"I'm from a large Italian family," Theresa Dimond, principal timpani player of the California Philharmonic declares, "so, like most kids have to play the piano, we played the accordion!" Her father, a life-long educator, though tone-deaf she proclaims, believed in the Mozart Effect long before it was widely acknowledged, and thus had his children study music to develop their focus and cognition. Not only did he have them learn an instrument, but a melody instrument, percussion and piano. So a young Theresa took up oboe as well as the other instruments. Her goal was to study music at the University of Southern California. Multi-faceted Ms. Dimond auditioned for the oboe, piano and percussion departments respectively, and was accepted to all three; however, the only scholarship available was for percussion. And so, Theresa Dimond received her Bachelor's, Master's and Doctoral all from USC in percussion.
From there she "cobbled together a career," as she puts it. However, playing principal percussion for the LA Opera Orchestra, the Pasadena Symphony and Pops, the LA Master Chorale, Musi/que and the California Philharmonic, film recording sessions, and musicals at the Pantages as well as teaching on the collegiate level at UCLA, Cerritos College, UC Irvine, Whittier and Pomona is hardly what this writer would call "cobbling". More like actualizing a successful and diverse profession, as Theresa has "tasted all the different flavors of freelance in Los Angeles.
"Ms. Dimond is another veteran of the Cal Phil, having been with Maestro Vener since the Pasadena Pops era. She enjoys the variety in her career as well as in the Cal Phil specifically. "It’s a great organization. I play in this orchestra because I like 'the hang’. “She expresses her appreciation for her colleagues and the socializing before and after concerts, which isn't always the case with ensembles. "It's a great place to work." Since Ms. Dimond has been with the orchestra throughout its history, experiencing it's numerous venues, all of which she enjoyed working in, she expresses her especial gratitude for playing in Disney Hall. "I like the theater in the round aspect," she says of Frank Gehry's acoustic architectural gem. " I can't explain how it is when everyone around you is applauding. It's like an aural hug."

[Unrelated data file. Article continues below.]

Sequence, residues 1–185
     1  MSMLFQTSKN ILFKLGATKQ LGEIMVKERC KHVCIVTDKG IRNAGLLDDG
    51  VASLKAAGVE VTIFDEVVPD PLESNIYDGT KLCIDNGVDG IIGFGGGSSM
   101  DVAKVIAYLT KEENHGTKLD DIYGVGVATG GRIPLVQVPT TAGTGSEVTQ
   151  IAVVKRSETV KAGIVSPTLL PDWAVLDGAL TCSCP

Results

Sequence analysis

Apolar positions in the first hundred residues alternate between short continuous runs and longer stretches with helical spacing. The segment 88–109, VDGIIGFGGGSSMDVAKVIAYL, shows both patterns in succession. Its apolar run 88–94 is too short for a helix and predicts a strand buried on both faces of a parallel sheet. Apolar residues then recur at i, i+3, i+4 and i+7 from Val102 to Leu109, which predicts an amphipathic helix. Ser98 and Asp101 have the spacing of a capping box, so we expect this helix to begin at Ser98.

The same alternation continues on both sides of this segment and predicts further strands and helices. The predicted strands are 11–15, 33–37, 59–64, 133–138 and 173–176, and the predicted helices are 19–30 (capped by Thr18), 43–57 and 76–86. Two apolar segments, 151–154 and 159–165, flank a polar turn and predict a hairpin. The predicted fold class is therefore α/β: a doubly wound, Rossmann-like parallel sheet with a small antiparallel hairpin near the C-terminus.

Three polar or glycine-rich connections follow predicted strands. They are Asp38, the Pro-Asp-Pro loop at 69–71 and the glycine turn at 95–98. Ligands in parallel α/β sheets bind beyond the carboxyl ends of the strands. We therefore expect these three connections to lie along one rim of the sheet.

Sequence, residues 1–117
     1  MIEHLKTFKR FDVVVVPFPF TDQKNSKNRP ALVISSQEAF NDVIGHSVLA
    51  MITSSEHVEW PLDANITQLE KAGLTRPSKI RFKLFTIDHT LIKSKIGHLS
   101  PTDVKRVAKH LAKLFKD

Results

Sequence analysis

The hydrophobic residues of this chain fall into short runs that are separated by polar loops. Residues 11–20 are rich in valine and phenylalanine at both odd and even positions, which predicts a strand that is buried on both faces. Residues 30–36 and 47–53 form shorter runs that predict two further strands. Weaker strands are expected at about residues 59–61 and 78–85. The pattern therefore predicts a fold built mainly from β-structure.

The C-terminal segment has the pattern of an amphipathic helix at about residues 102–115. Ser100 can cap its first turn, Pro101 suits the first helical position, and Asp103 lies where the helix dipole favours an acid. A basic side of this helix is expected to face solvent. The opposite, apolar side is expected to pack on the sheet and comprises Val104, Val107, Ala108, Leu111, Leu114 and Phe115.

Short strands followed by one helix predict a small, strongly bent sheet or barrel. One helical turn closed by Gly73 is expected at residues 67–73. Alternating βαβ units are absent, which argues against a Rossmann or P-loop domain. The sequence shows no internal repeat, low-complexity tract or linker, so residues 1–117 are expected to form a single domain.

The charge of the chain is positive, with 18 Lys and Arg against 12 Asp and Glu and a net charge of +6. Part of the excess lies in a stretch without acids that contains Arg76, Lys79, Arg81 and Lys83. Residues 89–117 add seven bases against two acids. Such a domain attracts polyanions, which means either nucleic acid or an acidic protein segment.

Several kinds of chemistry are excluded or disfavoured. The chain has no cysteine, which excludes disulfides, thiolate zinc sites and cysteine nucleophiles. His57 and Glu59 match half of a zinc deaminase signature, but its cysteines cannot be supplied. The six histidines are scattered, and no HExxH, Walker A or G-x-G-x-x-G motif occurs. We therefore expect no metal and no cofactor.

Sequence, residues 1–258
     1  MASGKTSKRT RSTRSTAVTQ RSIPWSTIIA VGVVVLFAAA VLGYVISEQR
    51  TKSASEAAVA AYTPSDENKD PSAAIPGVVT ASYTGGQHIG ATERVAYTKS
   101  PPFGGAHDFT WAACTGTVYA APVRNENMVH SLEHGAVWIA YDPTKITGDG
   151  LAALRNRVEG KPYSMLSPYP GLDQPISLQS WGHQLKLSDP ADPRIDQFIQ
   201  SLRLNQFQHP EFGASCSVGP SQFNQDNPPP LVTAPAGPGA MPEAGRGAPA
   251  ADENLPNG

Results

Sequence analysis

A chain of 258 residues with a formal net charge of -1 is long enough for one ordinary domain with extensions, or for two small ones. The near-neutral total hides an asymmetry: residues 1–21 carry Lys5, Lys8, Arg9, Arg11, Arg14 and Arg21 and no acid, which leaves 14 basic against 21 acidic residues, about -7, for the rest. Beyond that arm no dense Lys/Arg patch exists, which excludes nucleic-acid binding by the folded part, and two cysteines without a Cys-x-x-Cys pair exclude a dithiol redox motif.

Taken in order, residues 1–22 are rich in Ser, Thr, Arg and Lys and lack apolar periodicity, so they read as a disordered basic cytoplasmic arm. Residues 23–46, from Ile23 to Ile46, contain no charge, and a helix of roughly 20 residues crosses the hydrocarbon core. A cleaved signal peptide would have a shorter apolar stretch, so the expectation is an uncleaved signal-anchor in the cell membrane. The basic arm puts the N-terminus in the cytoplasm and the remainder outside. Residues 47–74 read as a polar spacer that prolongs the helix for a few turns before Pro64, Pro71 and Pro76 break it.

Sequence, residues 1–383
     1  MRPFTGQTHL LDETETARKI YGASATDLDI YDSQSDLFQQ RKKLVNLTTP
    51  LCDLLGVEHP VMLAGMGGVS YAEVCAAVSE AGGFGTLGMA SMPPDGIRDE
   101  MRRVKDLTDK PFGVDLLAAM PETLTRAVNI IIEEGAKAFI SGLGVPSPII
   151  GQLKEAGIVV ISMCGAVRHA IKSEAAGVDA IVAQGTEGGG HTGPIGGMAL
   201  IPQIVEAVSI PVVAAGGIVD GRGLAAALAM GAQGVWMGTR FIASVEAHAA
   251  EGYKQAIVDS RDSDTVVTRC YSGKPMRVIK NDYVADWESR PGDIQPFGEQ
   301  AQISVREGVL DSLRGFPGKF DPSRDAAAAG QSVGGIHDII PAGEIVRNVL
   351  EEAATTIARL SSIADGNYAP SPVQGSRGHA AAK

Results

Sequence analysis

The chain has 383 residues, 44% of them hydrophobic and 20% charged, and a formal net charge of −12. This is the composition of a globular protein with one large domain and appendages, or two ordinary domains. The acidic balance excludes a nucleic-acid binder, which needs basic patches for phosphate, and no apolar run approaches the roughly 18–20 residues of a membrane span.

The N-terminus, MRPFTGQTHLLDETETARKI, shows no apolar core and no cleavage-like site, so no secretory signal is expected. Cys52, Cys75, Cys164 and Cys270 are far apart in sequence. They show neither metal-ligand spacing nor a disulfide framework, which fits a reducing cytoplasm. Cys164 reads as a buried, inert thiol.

Ms. Dimond lives with her Criminal Defense Attorney husband of 10 years, and their beloved feline and canine family. Though her husband, Jim, is in the legal profession, he is also an electric guitarist for a Jethro Tull tribute band. When the two started dating they both experienced a bit of culture shock at each other's shows; he, by discovering he wouldn't be let back into the concert hall after leaving in the middle of a piece to answer a work text, and she, by noticing that at almost every one of his shows someone in the audience ended up disrobed.
Outside of her musical life, Theresa loves to cook and finds preparing food therapeutic. She also loves travelling and is getting her husband "up to speed" with globe-trotting by going through the alphabet and picking a destination for each consecutive letter. I believe they are currently up to "J". Timpani playing is powerful and Theresa somewhat resembles Wonder Woman beating the drum of the Amazon Warriors. Yet she says it's not so much about strength but about using the body in the physiologically correct way. That, and her good Sicilian genetics. The strongest person she knew was her grandmother, who lived to age 97, and could beat anyone in a bar fight!
Readers may or may not know, that shamefully, a couple of the world's greatest symphonies have excluded women players; the Vienna Philharmonic, as high ranking as it is, waited until 2003 to hire its first female member. With powerful ladies like Theresa Dimond, and all her female colleagues, the California Philharmonic proves to be a true 21st century orchestra, made stronger by its diversity and equality.